Five questions: Seattle Times’ Stefanie Loh on Washington State

Washington State was a popular sleeper pick in the Pac-12 North, then the Cougars lost to Eastern Washington in the season opener. Six weeks later, they’re back to where people thought they might be: in the thick of the conference race. The Seattle Times’ Stefanie Lowe answered some questions about the Cougars, Luke Falk and the deal with WSU’s suddenly potent run game. 

1. The Cougars started the year with a loss to Eastern Washington. Now they’re hot off two impressive wins against Oregon and Stanford. What has been the key in turning things around?

To this day, the Cougars themselves don’t seem to be able to pinpoint exactly why they started the season so flat. However, several things have been key to the turn around. For one, the defense seems to have come together and coalesced after a messy Game 1 that saw them give up 515 yards and six touchdowns against EWU. The return of Shalom Luani — who missed the first game due to a concussion and an ongoing legal case — at free safety was significant. He’s one of the cogs of the defense, and his steadying presence has helped the Cougars find their footing. Offensively, the Cougars’ running game has emerged in the last two weeks, and that has given WSU some much-needed balance to open up the offense. But in terms of intangibles, I think the Cougs might have come out the gates a little complacent after last year’s success. They’re had a history of starting slow, and seem to play better when their backs are against a wall and they are the underdogs once again. So from that standpoint, falling to an 0-2 start really lit a fire under them.

2. WSU is not known for running the ball, yet the Cougars did so effectively and efficiently Idaho, Oregon and Stanford. Why was the running game featured more in the past three games and do you think it’ll continue? 

The evolution of Luke Falk as a quarterback and the development of some new offensive linemen have been instrumental in the rise of the Cougars’ running game. Left guard Cody O’Connell has been a run blocking force for the Cougs. It took them a couple of games for the offensive line to gel and work together, but they have it going now, and O’Connell has helped to open massive holes for the backs. Then, there’s the development of Falk, who recognizes the skill his three running backs possess, and has gotten to a point where he trusts in their abilities to get chunk yardage. He’s not afraid to check down to them when necessary, and sometimes opts to do so instead of taking a risky stab downfield. Finally there’s the development of the backs themselves. Running back coach Jim Mastro has said that redshirt freshman James Williams is the most talented back he’s ever coached, and Williams’ athleticism and ability to make people miss, coupled with Jamal Morrow’s versatility and Gerard Wicks’ power game has given the Cougs a plethora of weapons at running back. And since the three are all so close in terms of their ability, WSU can always find a back to get open even if one or two of the others are having an off day. They play the hot hand, and so far it’s worked well.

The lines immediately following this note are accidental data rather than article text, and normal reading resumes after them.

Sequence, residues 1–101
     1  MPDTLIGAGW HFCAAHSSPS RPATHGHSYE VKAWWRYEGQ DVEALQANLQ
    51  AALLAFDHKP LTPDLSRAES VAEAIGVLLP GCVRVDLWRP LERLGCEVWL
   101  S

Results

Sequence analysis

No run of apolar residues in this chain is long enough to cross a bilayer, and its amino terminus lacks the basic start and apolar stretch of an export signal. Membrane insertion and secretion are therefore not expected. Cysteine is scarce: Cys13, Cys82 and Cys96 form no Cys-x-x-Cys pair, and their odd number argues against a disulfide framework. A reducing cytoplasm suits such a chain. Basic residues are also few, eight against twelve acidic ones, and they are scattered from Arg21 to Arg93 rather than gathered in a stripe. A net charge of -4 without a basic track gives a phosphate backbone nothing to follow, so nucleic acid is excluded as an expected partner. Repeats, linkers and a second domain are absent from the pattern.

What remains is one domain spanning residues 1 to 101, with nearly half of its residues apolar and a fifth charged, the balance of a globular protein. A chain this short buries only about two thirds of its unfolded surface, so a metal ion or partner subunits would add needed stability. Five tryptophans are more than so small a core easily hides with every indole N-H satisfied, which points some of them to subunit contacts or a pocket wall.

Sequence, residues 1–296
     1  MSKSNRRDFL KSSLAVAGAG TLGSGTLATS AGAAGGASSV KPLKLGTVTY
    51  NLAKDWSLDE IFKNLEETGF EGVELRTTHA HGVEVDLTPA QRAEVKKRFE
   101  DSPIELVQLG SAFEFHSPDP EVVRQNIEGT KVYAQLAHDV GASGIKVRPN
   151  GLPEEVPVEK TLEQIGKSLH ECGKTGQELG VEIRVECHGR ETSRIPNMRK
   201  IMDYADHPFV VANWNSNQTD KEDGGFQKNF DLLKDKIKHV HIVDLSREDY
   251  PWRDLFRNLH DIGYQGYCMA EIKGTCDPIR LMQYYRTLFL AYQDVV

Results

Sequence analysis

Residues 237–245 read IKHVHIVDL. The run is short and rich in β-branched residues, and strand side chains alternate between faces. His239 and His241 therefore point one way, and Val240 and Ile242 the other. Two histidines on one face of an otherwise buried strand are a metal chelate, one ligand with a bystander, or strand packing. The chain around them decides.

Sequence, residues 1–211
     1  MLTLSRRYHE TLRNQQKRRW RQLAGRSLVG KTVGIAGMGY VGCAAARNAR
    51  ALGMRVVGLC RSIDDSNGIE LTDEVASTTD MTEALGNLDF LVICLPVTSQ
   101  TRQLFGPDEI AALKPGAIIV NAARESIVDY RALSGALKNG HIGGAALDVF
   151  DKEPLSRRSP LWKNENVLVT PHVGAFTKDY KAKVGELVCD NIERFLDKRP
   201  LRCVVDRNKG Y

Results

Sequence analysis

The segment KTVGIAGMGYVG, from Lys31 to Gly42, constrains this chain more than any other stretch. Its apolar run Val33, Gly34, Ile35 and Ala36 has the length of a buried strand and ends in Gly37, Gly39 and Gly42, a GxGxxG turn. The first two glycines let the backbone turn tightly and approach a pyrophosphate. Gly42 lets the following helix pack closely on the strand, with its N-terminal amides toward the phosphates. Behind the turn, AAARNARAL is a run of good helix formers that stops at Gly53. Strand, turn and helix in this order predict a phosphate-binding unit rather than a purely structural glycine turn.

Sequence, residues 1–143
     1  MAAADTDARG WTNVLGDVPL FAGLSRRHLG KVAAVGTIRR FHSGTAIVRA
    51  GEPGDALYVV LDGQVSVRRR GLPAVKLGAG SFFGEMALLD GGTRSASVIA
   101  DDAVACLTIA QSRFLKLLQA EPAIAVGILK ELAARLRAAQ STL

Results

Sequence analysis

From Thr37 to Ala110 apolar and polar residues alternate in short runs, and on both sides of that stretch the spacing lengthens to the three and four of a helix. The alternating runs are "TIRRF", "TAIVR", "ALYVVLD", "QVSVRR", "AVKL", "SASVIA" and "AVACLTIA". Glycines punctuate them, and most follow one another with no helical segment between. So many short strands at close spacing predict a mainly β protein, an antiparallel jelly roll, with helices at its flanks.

3. Alex Grinch has the WSU defense on a sharp upward trajectory since taking over before the 2015 season. How has he been able to find such success so quickly?

Grinch has not been afraid to use young talent. He started cornerback Darrien Molton as a freshman last year, and has done the same with strong safety Jalen Thompson this year. In addition, he’s an excellent teacher who can communicate defensive concepts to his players in an effective, succinct way. He’s also done a lot to change the culture on the defense. Grinch exudes energy and has gotten the entire defense to buy into his concepts because he’s shown that he can equip them with all the tools they need to be successful on Saturdays. I think that’s a big part of it. He’s given this defense the confidence it needs to be able to compete with Pac-12 teams, and he’s backed it up with results. Now, a year and a half into his system, the players trust him and trust the process, and it’s paying dividends.

4. The defense bottled up Stanford, what is the greatest strength of the defensive unit now?

The pass rush has come a long way from the first couple of games. Against Stanford, WSU showed they have the ability to blitz and rattle the quarterback from a number of different spots on the field. They’ve totaled five sacks in the last two games, and defensive end Hercules Mata’afa has been particularly impressive. He had a sack against Oregon and a sack against Stanford and five tackles for loss in the past two games combined. As a whole, the defense has also shown its ability to force turnovers and come up with big plays. They play with a lot of energy, and has gained confidence from week to week.

5. Where has Luke Falk improved the most from last season?

His management of the offense. Falk has connected with 12 different receivers this season, and has been adept at reading coverages and putting the offense in positions in which they can succeed, whether that involves calling the correct front, making the right read or checking down or changing the play when he needs to. He’s operating at a high level of efficiency and leads the nation with a 74.1 pass completion percentage.